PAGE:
Type 2 Diabetes

According to scientific data it is currently estimated that nearly 1 in 10 adults worldwide are now affected by diabetes. Obesity and weight gain particularly from lack of exercise and increased consumption of calories is regarded to be the strongest risk factor for metabolic syndrome and type 2 diabetes.

Eighty percent (80%) of diabetics would not have the disease and would have a normal blood sugar level if they had a healthy weight. ​

Type 2 diabetes occurs when the pancreas doesn’t release enough of the hormone, insulin, or when the body’s cells stop reacting to insulin as they should. We need insulin to help the body metabolise glucose for use as energy, either as in immediate response or to store it for future energy needs. Check out this video that explains Type 2 Diabetes over on the Diabetes Ireland website.

When type 2 diabetes prevails, sugar (glucose) stays in the blood and isn’t used as fuel for energy. The cause of these defects remains controversial it begs the question of where a sugar rich diet fits into this equation, scan the internet and you will see a lot of conflicting information.

Is sugar the devil?

At a molecular level, fructose is a monosaccharide that when combined with the monosaccharide glucose forms the disaccharide sucrose, what we know as table sugar or simply “sugar”. The “added” sugars in processed food, in particular fructose, can contribute to obesity, but also appear to possibly have properties that increase diabetes risk independently from obesity. While sucrose is commonly used in processed foods and beverages its predominance has recently been surpassed by another sweetener, high-fructose corn syrup. Many recent studies have implicated “added” sugars such as sucrose and high-fructose corn syrup (HFCS) in the development of diabetes and related metabolic conditions that can also raise cardiovascular risk. It is currently thought that added fructose may pose the greatest risk to our health, while glucose can be broken down and utilised by just about every cell in the human body, fructose cannot. Fructose instead is processed and stored in the liver as a back-up energy source called glycogen.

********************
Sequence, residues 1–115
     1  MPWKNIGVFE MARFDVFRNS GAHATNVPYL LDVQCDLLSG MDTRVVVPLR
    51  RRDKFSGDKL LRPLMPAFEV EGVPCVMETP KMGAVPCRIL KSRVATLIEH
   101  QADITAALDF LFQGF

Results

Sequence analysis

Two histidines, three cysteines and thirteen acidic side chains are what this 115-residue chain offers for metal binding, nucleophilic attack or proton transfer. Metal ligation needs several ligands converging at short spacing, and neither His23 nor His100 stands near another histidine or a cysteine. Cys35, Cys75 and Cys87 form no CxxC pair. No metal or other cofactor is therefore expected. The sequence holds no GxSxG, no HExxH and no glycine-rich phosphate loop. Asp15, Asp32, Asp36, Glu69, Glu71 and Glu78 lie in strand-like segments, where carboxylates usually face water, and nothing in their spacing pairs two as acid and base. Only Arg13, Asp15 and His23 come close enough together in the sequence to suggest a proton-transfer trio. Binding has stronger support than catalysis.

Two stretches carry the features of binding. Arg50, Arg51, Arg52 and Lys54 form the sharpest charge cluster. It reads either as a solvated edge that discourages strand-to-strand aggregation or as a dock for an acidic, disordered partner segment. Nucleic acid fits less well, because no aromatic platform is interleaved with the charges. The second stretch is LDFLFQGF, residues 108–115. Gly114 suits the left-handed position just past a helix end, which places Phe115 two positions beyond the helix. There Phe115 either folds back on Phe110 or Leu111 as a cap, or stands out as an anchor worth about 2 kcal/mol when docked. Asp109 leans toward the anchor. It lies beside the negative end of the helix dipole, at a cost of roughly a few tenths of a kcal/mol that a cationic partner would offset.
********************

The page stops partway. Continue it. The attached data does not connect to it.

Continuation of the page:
So is your apple a day killing you? No. Before you start worrying about the fructose in your fruit and vegetables, whole foods that contain fructose in contrast pose no problem for health and are in fact most likely protective against diabetes and adverse cardiovascular outcomes. HFCS commonly contains up to 65% fructose representing nearly 50% of the sweetener’s weight. In comparison, the fructose in a fresh fruit represents only about 1% of the fruit’s weight, far less. Additionally the fructose found in fruit and vegetables is accompanied by a host of beneficial nutrients; the water, fibre and antioxidants in whole fruit all provide protective health benefits.

How to take action?

Given the impact diabetes can have in terms of morbidity and mortality, interest in the prevention and treatment of the disease continues to soar in both the public and medical community. Multi factorial lifestyle intervention shows great potential in preventing the onset of type 2 diabetes in high-risk individuals. A strong focus should be placed on increased physical activity and dietary modification as well as weight reduction. We all need to get exercising, stop overeating and make sure we maintain a healthy weight. Ensuring our energy intake through calories and daily expenditure is balanced is the key to preventing weight gain.

Luckily for us there is no biological need for added sugars in the diet, particularly those containing fructose. While avoiding processed foods altogether would be ideal, this rationale seems unlikely given the current saturation of processed foods in our diets. Instead we should aim to where possible replace processed foods with whole foods, such as fruits and vegetables, and substitute white refined carbohydrates with their lower GI, whole grain equivalents. Beverage products containing HFCS should be eliminated from the diet, if carbonated drinks are something you cannot quit look for those sweetened instead with natural sweeteners such as Stevia and Xylitol, both of which have no effect on blood sugar.

Here at Motivation Weight Management our team of consultants can help both patients already diagnosed with type 2 diabetes and also those at risk or who may have been diagnosed as being in the early stages of diabetes known as “insulin resistance” or “pre-diabetes”. Through a combination of a healthy weight loss and our eating plans which are based on a low sugar diet rich in protein and low in saturated fat, the clock can be stopped.

In addition, our weight loss programmes designed by Doctor Larocque address not only the physical addiction to food that many of our patients present with but also the underlying psychological issues too. Unlike many other diet programmes, Motivation Weight Management is unique in that it actually gets to the root of the problem once and for all.

Blog Post by Jodie Wood